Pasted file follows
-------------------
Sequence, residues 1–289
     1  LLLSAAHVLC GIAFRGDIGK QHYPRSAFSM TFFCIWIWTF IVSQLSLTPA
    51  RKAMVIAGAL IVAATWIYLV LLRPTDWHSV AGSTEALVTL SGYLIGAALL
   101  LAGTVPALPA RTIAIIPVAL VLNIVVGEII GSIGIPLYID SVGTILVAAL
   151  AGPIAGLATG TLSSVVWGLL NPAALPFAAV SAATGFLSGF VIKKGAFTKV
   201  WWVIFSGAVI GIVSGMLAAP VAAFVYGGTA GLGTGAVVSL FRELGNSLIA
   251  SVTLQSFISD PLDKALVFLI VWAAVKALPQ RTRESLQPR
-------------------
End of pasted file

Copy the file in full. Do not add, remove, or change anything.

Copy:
Sequence, residues 1–289
     1  LLLSAAHVLC GIAFRGDIGK QHYPRSAFSM TFFCIWIWTF IVSQLSLTPA
    51  RKAMVIAGAL IVAATWIYLV LLRPTDWHSV AGSTEALVTL SGYLIGAALL
   101  LAGTVPALPA RTIAIIPVAL VLNIVVGEII GSIGIPLYID SVGTILVAAL
   151  AGPIAGLATG TLSSVVWGLL NPAALPFAAV SAATGFLSGF VIKKGAFTKV
   201  WWVIFSGAVI GIVSGMLAAP VAAFVYGGTA GLGTGAVVSL FRELGNSLIA
   251  SVTLQSFISD PLDKALVFLI VWAAVKALPQ RTRESLQPR